Game of Thrones: data theft and pen testing
‘Hi to all mankind’. Thus began the email sent to journalists by hackers who have reportedly stolen 1.5TB of files and videos from entertainment giant HBO. What has made the headlines is the fact that the script for next Sunday’s episode of Game of Thrones has been released. The HBO hackers conclude their email saying that ‘HBO is falling’ and it is perhaps chilling to consider the vulnerability of even the largest and best-protected companies to breach and data theft.
In April Netflix was also compromised and refused to pay a ransom demand. Ten episodes of its series ‘Orange Is the New Black’ were leaked by a hacker group known as TheDarkOverlord. It is not yet clear whether the HBO hackers are seeking a ransom payment. Yet although advance plot lines for a TV series make headline news, there is another important aspect to consider. Namely the sensitive corporate data held by HBO which may now also be in the hands of unprincipled criminals.
HBO confirmed this week that it had experienced a cyber incident ‘which resulted in the compromise of proprietary information’ and that it is examining the breach. Forensic investigation will reveal how the system was breached and enable the company to secure its systems. But assuming that a company the size of HBO has access to the very best cyber defence, what more can they do?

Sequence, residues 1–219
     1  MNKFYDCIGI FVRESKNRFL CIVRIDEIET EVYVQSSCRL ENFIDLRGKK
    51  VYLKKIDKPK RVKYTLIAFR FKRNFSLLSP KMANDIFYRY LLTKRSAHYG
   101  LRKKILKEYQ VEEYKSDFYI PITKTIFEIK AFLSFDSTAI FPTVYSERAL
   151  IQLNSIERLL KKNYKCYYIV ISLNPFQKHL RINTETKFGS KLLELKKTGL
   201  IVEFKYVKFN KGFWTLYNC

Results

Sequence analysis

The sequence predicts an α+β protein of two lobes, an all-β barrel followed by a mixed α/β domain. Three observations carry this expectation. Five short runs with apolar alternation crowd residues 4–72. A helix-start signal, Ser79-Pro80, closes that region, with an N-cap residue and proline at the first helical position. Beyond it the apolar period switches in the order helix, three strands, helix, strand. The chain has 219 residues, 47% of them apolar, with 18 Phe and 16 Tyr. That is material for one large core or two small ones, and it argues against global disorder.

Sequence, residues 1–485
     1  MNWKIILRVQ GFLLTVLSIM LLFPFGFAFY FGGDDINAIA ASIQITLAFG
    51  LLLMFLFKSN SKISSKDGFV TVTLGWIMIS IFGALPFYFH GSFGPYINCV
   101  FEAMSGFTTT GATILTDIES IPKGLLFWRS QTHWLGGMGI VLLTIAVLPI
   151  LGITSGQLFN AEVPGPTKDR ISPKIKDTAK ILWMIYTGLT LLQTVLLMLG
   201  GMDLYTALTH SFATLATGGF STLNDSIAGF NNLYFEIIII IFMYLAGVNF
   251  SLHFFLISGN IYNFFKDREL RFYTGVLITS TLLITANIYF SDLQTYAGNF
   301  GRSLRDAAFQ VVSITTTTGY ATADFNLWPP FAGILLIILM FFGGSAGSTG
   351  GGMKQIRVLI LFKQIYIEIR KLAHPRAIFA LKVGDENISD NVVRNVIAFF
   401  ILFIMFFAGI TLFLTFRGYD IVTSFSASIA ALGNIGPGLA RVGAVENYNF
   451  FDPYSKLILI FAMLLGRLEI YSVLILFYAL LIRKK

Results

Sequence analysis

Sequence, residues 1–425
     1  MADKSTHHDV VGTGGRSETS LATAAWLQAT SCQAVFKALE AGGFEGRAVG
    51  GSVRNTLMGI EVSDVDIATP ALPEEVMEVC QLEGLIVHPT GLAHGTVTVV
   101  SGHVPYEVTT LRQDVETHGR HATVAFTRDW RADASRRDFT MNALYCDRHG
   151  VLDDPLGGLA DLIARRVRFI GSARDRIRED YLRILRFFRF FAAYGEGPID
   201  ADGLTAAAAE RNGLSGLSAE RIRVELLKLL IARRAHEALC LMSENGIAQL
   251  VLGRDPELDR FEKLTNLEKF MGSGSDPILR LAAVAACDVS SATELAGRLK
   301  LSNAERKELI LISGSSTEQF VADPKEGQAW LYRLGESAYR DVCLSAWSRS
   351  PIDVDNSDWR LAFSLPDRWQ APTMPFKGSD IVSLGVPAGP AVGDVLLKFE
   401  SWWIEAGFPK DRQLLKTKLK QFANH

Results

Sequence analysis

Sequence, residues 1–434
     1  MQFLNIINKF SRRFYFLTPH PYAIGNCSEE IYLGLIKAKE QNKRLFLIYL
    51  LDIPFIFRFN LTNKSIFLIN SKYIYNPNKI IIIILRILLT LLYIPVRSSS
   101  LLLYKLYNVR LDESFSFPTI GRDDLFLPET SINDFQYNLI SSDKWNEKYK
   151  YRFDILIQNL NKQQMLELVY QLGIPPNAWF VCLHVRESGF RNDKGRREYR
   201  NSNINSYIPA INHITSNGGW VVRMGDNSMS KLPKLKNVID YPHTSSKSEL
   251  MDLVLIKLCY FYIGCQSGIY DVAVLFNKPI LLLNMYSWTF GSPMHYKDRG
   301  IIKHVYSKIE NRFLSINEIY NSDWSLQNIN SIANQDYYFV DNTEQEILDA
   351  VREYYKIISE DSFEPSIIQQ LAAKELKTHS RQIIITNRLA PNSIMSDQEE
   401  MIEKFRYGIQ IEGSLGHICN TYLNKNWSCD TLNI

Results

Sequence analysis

First of all it is worth pointing out that anything to do with Game of Thrones is a huge headline draw. With 8.9 million people reportedly watching the finale of Season 6, hackers will have been particularly motivated to succeed. Yet all organisations which hold data are vulnerable to a greater or lesser extent. Those with a strategic plan which includes regular penetration tests, network security testing and vulnerability assessments are, however, better placed because they have created inbuilt responsiveness.
Expert pen testers put themselves into the mind of potential attackers, exploring and exploiting all opportunities. As systems become more complex, the ‘attack surface’ continues to grow and the potential number of ways a hacker gains access is ever expanding, making this technique increasingly valuable.
As an additional precaution, organisations should defend their systems by assuming that they have already been breached and that a hacker lurks quietly within. If information is encrypted and secured with high difficulty passwords regularly updated, hackers may just prefer to concentrate their efforts on easier prey. When it came to the fate of the Seven Kingdoms, perhaps the hackers felt the effort was worth it, but, like Jon Snow, let’s make their lives as difficult as possible.
SRM can advise on all aspects of Information Security Testing as well as providing a full range of consultancy services.
Information Security Testing & Compliance